Amboseli, Kenya 2014
In my mind, the zebra is the hardest animal in Africa to photograph well – particularly when they are on the run. This is for two reasons: firstly, they are extremely skittish and tend to run away from a cameraman long before he has found himself in a position to capture a special moment. Secondly, zebras can be ungainly when they run – it is all legs, arse and tail. There is little in the way of grace.
Equally portraits of stationary zebras have to have strong composition of their stripes to elicit attention. The world does not need another dull, full-frontal zebra shot taken with a long lens. That is simply pulp.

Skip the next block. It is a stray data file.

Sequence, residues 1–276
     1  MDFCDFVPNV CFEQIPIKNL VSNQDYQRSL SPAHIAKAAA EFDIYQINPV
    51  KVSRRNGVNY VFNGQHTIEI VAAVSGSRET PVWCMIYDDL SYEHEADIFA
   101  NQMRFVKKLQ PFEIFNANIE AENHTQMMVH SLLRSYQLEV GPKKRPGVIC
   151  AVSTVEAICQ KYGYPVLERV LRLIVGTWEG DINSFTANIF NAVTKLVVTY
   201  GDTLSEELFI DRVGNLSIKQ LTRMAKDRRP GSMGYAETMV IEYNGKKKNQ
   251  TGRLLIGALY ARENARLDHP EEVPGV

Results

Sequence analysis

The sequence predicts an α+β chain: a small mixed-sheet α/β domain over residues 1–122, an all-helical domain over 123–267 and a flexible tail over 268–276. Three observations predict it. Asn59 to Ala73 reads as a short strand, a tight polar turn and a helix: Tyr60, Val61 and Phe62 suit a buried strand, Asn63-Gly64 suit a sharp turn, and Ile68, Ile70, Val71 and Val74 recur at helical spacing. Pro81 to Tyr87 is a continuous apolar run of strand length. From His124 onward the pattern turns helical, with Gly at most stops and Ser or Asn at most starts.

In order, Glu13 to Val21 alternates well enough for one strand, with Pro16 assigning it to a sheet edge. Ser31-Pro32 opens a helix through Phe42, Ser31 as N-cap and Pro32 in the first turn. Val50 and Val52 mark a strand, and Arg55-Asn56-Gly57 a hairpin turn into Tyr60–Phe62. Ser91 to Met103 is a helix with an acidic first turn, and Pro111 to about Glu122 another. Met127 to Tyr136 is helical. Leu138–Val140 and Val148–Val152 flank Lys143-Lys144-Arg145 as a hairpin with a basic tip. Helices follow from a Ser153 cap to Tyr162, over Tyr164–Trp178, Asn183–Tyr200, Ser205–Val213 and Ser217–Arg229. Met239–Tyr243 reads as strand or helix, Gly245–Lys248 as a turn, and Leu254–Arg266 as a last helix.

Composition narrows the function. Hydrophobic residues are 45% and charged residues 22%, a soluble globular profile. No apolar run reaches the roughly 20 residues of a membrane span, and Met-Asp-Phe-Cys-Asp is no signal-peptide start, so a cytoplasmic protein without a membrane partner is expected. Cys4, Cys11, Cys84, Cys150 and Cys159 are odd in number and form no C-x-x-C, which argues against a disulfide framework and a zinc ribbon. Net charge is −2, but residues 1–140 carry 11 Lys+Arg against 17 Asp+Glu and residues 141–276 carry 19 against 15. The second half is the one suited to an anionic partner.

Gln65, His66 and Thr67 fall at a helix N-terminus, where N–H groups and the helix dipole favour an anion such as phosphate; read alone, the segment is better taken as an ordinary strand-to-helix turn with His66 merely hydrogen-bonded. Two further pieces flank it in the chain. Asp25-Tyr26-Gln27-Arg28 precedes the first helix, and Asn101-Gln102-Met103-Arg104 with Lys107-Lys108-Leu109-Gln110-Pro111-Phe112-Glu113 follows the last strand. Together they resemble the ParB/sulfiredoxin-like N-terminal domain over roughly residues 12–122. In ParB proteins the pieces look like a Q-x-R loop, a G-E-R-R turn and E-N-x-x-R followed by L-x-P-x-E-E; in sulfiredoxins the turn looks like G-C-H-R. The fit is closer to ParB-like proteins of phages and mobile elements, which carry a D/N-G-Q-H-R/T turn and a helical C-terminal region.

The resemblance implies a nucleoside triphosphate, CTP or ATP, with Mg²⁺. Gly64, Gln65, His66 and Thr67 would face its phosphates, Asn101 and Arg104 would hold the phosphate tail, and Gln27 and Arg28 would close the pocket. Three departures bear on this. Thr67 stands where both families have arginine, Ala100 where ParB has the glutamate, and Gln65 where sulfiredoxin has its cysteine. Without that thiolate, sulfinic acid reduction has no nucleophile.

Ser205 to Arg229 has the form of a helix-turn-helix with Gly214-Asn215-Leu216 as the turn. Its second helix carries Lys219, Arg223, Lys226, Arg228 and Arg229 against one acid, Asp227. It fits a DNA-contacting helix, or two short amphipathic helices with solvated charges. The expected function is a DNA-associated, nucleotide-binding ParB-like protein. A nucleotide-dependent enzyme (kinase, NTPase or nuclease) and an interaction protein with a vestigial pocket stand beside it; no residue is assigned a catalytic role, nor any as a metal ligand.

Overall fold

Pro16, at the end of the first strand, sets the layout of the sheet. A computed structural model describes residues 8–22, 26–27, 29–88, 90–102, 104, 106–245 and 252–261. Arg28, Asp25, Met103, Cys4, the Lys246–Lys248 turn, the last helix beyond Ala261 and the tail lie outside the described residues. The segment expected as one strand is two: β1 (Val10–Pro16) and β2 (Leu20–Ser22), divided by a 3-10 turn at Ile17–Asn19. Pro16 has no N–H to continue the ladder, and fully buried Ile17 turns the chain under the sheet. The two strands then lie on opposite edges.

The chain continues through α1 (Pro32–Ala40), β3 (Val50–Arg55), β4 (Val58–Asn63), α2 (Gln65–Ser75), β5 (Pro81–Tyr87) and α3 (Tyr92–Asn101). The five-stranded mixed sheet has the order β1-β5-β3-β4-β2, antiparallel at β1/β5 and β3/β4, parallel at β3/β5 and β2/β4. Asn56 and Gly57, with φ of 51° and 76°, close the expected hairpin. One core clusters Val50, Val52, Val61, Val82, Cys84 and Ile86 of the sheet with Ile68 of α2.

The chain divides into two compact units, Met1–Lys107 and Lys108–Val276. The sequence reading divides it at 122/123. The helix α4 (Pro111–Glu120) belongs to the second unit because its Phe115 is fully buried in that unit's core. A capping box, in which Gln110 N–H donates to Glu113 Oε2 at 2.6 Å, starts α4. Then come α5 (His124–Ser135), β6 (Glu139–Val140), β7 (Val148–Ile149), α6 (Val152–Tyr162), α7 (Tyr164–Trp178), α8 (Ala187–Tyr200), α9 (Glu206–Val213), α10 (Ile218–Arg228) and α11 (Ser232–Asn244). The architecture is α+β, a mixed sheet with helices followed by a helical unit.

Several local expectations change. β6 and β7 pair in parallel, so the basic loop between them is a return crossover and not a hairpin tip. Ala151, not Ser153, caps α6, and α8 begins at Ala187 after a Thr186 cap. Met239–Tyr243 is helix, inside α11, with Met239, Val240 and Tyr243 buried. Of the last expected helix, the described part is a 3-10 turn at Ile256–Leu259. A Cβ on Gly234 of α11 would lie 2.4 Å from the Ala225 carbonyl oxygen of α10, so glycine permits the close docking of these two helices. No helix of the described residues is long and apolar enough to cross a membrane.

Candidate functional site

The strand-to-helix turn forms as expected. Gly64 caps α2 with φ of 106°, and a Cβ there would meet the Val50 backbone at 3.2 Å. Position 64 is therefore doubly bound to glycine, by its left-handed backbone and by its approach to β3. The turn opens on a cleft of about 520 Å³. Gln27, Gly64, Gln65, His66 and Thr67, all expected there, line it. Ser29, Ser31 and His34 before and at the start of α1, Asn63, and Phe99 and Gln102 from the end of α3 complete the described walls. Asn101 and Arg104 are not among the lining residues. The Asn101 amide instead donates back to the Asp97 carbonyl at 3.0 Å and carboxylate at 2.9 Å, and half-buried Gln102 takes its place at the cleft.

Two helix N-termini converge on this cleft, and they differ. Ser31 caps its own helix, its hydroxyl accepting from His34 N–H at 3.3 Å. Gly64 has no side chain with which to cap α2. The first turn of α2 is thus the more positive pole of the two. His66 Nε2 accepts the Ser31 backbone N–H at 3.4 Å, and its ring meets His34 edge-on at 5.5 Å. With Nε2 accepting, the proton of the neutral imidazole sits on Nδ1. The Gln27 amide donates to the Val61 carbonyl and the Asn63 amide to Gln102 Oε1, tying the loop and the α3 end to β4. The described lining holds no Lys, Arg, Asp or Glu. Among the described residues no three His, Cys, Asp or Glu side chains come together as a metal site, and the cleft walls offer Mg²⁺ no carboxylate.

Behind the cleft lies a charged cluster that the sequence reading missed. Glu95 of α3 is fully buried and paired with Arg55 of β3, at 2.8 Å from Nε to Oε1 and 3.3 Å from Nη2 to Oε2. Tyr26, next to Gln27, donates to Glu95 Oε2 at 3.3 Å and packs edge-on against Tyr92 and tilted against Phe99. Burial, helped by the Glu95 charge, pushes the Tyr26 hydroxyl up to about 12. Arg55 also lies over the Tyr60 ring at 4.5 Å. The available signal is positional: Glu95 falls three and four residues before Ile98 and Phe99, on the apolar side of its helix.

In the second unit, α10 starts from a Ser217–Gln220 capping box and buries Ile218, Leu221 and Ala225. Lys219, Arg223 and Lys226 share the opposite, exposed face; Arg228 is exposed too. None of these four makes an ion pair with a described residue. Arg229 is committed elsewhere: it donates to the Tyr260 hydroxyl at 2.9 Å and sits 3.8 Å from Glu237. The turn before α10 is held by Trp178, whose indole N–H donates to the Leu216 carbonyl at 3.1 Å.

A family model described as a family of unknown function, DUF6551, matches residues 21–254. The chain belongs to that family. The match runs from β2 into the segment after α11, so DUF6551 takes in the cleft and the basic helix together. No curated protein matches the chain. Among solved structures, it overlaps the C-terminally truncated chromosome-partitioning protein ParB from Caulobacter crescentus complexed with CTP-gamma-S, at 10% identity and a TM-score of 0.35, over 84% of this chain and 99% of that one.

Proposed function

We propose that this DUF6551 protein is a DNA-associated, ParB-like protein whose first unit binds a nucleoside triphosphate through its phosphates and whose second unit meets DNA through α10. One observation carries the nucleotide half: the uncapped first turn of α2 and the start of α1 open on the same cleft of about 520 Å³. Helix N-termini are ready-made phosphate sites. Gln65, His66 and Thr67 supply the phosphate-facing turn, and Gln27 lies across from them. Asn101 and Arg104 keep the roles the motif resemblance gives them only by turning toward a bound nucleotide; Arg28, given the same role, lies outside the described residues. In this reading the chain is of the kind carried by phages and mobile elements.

There is nothing ungainly about this zebra’s flight path and they can certainly shift. I was lying flat in the baking dirt to achieve the right perspective – no other angle would suffice. The laundry bill was worth it.
The picture will carry resonance for those with an interest in photographic history. It was, after all, an early photograph that proved unequivocally that a horse runs with all four feet off the ground. The same is certainly true of the zebra.
About David Yarrow
Scottish , b. 1966, Glasgow, UK, based in London, United Kingdom